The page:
Going to jail may not come immediately to mind when considering where you want to travel, but the idea of visiting the old jail in Hendricks County was the impetus for our visit to Danville, Indiana.
I'd read about tours of this historic jail and sheriff's residence, and being a fan of true crime stories, the idea that the old Hendricks County Jail may have once played host to the infamous Charles Manson certainly caught my interest.
This jail, the third one in Hendricks County's history, is in the basement of a home built as a residence for the sheriff and his family.
The French-influenced architectural style, popular between 1865 and 1880, included details like the rectangular tower and steep mansard roof on the home in Danville.
The home became the first building in Danville listed in the National Register of Historic Places in 1983.
Today the building is home to the Hendricks County Historical Society's Museum.
The museum showcases many artifacts with an obvious pride in the local history, culture and those who made Danville what it is today.
Exhibits spotlighting Hendricks County history include a collection of Central Normal College artifacts detailing its indelible imprint on life in Danville over the years. The museum's military room honors veterans of the Civil War, World War I, World War II, Korean War and other conflicts by showcasing items like artifacts of the Grand Army of the Republic and the Civil War uniform of Col. Abel Streight, who escaped from a Southern prison camp and made his way home to Danville.
The museum also features rooms furnished to recall the lives of those who once lived there.
Bedrooms on the second floor include a children's room with toys from the early 1900s.
A parlor features a fireplace original to the home, along with early 1900s furniture and amusements like a Victrola, pump organ, spinning wheel and a stereoscopic viewer.
Kitchen displays feature artifacts like a crank telephone, wood-fueled cook stove and metal bathtub from the early 1900s, as well as an old record player, vintage dinnerware and laminate-topped tables from the 1940s and 1950s.
The sheriff's family cooked and ate in the cheery kitchen upstairs, while jail prisoners dined below on meals prepared in the same kitchen, usually by the sheriff's wife.
It's just a short trip out of the kitchen and down the stairs into the jail, which gives off a decidedly different vibe than the homey quarters upstairs.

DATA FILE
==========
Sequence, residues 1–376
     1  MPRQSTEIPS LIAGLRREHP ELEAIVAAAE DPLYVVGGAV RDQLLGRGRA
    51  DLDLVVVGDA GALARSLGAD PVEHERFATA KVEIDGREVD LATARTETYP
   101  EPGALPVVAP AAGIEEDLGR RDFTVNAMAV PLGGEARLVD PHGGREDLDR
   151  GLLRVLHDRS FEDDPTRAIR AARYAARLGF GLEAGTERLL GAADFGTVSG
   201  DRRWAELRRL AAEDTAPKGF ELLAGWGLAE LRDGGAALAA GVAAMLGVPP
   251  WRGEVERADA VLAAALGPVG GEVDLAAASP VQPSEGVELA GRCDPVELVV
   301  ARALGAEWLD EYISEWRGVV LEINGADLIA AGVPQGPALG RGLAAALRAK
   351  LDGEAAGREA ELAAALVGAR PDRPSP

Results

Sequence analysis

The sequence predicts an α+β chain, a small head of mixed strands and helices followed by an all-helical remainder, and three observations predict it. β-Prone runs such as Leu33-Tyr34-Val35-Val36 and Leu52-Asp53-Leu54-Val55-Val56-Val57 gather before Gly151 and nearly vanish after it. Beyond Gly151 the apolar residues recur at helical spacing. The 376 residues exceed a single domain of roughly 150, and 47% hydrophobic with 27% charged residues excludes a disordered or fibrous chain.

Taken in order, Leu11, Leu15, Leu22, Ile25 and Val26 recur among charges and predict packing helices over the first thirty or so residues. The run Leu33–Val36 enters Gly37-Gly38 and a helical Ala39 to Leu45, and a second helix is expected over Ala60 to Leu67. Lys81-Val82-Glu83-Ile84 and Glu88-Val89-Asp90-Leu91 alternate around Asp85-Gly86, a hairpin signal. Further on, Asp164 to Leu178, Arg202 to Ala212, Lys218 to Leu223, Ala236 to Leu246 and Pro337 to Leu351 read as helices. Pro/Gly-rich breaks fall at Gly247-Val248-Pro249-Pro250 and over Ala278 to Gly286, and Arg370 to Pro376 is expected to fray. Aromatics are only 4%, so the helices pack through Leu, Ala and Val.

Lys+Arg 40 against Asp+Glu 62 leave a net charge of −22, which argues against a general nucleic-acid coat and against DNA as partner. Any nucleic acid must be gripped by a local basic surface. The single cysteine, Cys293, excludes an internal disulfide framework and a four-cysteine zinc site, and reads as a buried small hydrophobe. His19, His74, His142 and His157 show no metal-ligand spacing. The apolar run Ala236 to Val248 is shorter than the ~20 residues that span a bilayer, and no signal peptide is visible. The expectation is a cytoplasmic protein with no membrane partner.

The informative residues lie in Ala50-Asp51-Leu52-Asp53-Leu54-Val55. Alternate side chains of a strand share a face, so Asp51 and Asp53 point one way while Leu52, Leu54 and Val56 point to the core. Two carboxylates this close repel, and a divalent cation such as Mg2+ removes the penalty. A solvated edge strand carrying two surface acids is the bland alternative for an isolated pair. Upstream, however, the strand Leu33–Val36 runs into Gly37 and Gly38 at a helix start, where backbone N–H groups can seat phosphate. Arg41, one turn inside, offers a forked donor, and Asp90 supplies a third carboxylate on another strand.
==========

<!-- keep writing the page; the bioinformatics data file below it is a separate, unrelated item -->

The jail's two sections include an area for female prisoners and a section for male prisoners.
The women's section had two cells, while the men's section had four cells. The men's cells had two bunks in each of them, with wall brackets for mounting two more bunks above those bunks.
Early prisoners bathed in a metal tub, the jail added showers in both the women's and men's quarters with the installation of plumbing in the building.
The old jail housed prisoners until 1974, when Hendricks County Jail built its present jail.
The jail is pretty spooky, but the scariest thing about the place to me is the thought that one of America's most notorious criminals might have spent time behind bars there.
The museum and jail is open to visitors 11 a.m. until 3 p.m. on Saturday, or by appointment. The museum closes each January and February for continuing restoration work on the home's interior.
Want to learn more about this area? Check out Danville (Images of America) by Jeffrey K. Baldwin and the Hendricks County Historical Museum, Plainfield (Images of America) by Reann Lydick Poray and the soon-to-be-released Hendricks County (Images of America) by Gail M. Tharp and Phyllis West Parsons.
So, what about Charlie Manson?
Manson left behind a long trail of crime and incarcerations, mostly involving car thefts, across Indiana during the 1940s and 1950s well before he and his "Family" became infamous for the murder of actress Sharon Tate and her friends in 1969.
Born in 1934 in Ohio, Manson started his criminal career at a young age. His mother went to prison on an armed robbery conviction, and Charlie lived with various relatives in the Midwest until landing in the Gibault School for Boys, a reform school in Terre Haute, Indiana.
Manson stayed 10-months at Gibault and was on his own by age 13 in Indianapolis.
He landed in the Marion County Juvenile Center where a local priest tried to help by getting a judge to send Manson to the Father Flanagan's Boys' Town in Nebraska.
Manson escaped from Boys' Town four days after arriving there.
By 1948, Manson was at the Indiana School for Boys in Plainfield, Indiana. He supposedly attempted escaping from the reform facility 18 times, succeeding twice and publically accusing the school of abusing its charges.
The last record of Manson in Indiana seems to be a 1956 arrest for parole violation.
No one can be sure than Manson spent time in the Hendricks County lock-up, but it seems entirely possible considering his multiple arrests, escapes and re-arrests in the area.
Thanks to Visit Hendricks County for sponsoring my visit to Hendricks County, providing lodging, meals and a tour of Hendricks County attractions for my review during my recent visit there, with no further compensation. I was free to express my own opinions about the stay and experiences, and the opinions expressed here are mine.
© Dominique King 2013 All rights reserved